Centre defends liberalised pricing of COVID vaccines

To incentivise manufacturers to scale up production and attract new ones

The Centre on Monday informed the Kerala High Court that its new liberalised pricing and accelerated national COVID-19 vaccination strategy was aimed at incentivising vaccine manufacturers to rapidly scale up their production and attract new vaccine manufacturers.

In a statement filed in response to a public interest litigation challenging the liberalised pricing policy, the Centre submitted that the strategy would make pricing, procurement, and administration of vaccines more flexible and ensure augmented vaccine production as well as wider availability of vaccines in the country.

The Centre added that tightly controlling the price of vaccines may cause difficulty in securing adequate and multiple vaccine supplies, especially from offshore manufacturers. In the current scenario, where vaccination was a critical tool for prevention and mitigation of the pandemic, it was only advisable to allow vaccines additionally in the open market.

In fact, under the new vaccine strategy, though each State government could procure vaccines, the Centre had, by conducting informal consultations with the vaccine manufactures, ensured that the price of vaccine was uniform for all the States so as to avoid one State buying vaccine at a higher price than the other.

The Centre also submitted that it had facilitated and supported two public sector undertakings such as Indian Immunologicals, Hyderabad, and Haffkine, Mumbai, to produce Covaxin which is licensed by Bharat Biotech International Ltd. The Centre’s Department of Biotechnology was also providing financial support for the same.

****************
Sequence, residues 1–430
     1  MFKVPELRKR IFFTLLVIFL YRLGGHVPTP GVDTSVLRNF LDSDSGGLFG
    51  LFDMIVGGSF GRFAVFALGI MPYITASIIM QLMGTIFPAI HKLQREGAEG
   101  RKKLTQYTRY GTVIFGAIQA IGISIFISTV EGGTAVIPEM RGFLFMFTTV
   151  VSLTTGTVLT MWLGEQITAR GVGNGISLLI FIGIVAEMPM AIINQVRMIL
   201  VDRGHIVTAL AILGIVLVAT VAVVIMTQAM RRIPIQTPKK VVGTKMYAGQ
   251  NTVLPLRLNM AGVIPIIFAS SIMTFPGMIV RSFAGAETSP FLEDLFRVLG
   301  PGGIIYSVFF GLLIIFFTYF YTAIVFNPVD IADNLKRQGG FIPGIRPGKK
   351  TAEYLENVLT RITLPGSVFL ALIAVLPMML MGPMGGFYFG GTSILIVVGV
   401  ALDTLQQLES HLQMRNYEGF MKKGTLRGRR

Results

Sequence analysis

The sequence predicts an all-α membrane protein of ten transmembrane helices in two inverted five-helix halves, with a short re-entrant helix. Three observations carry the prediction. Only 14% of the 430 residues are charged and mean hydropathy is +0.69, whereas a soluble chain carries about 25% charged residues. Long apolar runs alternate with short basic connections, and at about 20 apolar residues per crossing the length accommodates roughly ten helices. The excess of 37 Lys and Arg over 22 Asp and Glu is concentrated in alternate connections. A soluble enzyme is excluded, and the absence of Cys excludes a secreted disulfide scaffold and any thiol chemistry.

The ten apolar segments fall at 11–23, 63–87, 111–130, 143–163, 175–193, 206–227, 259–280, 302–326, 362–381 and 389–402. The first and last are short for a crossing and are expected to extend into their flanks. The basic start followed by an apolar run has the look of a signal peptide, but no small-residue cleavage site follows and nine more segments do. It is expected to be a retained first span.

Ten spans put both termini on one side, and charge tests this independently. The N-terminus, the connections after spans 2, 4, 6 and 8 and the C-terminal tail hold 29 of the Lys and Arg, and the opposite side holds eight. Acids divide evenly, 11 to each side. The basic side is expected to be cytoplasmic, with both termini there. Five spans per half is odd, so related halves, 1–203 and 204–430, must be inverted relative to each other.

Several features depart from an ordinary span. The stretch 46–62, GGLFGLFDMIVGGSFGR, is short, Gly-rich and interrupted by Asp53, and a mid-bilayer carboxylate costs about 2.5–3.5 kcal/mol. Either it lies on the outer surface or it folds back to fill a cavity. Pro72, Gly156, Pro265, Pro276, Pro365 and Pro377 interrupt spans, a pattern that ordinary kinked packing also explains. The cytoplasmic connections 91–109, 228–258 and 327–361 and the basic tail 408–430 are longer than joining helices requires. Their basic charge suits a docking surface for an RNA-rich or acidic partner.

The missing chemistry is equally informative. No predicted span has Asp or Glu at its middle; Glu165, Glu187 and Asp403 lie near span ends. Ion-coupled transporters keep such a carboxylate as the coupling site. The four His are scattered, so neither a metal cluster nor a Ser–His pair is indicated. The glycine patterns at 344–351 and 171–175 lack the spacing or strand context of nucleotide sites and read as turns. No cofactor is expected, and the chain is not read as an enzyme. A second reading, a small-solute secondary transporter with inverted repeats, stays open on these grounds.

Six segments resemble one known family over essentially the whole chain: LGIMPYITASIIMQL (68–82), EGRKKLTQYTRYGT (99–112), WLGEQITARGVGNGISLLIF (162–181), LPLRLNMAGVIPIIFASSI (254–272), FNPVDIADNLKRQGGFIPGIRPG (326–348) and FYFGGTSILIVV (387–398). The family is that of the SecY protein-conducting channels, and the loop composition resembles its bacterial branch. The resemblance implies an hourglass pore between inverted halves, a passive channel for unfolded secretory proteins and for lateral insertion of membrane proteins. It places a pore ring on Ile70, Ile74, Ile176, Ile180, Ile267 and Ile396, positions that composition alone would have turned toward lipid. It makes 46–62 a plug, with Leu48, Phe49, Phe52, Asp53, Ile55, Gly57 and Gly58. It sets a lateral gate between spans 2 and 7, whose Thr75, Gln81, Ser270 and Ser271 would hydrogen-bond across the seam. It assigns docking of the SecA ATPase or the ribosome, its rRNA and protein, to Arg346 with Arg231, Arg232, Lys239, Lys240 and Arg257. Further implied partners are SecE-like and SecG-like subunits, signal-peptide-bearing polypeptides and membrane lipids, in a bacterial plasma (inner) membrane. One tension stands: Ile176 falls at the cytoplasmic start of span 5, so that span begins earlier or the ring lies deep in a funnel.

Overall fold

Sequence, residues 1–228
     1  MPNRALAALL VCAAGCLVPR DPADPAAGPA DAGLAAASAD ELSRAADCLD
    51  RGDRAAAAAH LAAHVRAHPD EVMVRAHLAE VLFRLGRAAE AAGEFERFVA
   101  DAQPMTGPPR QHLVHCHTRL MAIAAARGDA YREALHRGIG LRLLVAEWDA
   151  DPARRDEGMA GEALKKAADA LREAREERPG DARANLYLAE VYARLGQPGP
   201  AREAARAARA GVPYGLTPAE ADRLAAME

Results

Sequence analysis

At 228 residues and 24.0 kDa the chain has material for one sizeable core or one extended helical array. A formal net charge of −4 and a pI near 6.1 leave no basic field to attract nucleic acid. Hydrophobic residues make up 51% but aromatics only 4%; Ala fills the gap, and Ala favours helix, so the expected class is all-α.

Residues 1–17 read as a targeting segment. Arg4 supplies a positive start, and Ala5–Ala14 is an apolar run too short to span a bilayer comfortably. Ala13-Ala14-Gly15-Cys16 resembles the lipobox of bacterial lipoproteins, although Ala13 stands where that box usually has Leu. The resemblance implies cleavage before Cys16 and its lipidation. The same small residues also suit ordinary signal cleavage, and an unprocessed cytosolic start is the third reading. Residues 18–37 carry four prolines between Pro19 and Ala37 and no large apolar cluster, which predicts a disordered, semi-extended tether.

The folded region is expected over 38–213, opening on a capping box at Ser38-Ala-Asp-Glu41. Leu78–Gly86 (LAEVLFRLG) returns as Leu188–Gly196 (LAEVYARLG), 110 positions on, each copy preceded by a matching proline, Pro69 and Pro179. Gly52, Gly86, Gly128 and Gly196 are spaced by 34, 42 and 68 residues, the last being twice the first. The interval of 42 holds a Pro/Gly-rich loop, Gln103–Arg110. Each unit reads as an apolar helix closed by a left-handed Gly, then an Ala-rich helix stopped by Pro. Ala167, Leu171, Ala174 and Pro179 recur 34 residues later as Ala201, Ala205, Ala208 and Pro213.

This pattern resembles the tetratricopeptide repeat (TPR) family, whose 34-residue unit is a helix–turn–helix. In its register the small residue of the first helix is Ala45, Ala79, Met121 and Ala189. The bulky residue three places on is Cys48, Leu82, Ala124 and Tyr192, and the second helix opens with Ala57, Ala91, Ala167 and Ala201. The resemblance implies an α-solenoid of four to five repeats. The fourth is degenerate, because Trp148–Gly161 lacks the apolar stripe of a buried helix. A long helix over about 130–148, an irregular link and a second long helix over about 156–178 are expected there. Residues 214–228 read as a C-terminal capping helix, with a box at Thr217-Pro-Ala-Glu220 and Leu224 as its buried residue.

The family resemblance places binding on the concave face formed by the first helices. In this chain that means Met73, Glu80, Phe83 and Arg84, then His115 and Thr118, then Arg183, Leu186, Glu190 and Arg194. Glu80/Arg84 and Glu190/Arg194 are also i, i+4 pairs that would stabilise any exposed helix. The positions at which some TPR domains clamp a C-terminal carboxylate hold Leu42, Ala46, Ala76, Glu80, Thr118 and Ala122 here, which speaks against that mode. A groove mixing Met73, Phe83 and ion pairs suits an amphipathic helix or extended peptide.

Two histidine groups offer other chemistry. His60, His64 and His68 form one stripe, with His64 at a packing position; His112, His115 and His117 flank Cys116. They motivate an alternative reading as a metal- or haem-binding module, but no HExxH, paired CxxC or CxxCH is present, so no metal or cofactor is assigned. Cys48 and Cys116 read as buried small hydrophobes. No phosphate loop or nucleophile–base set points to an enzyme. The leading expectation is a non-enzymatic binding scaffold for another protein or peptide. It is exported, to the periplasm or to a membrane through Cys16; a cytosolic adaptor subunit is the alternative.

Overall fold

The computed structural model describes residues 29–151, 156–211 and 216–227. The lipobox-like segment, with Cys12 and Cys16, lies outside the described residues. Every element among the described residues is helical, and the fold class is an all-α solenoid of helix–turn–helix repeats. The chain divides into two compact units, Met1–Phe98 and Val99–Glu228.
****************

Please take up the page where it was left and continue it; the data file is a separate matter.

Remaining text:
The other Indian manufacturer, Serum Institute of India, was producing the COVID vaccine Covishield in the country under licence from foreign vaccine manufacturer AstraZeneca. Therefore, Covishield vaccine cannot be given to other manufacturers for further production without licence from the parent company.

The Centre said as on May 22, a total 81.81 lakh doses of COVID vaccines had been made available to the State free of cost for vaccinating healthcare and front-line workers and those above 45 years. A total 3.97 lakh doses had also been received by the State for vaccinating those in the 18-44 year population.

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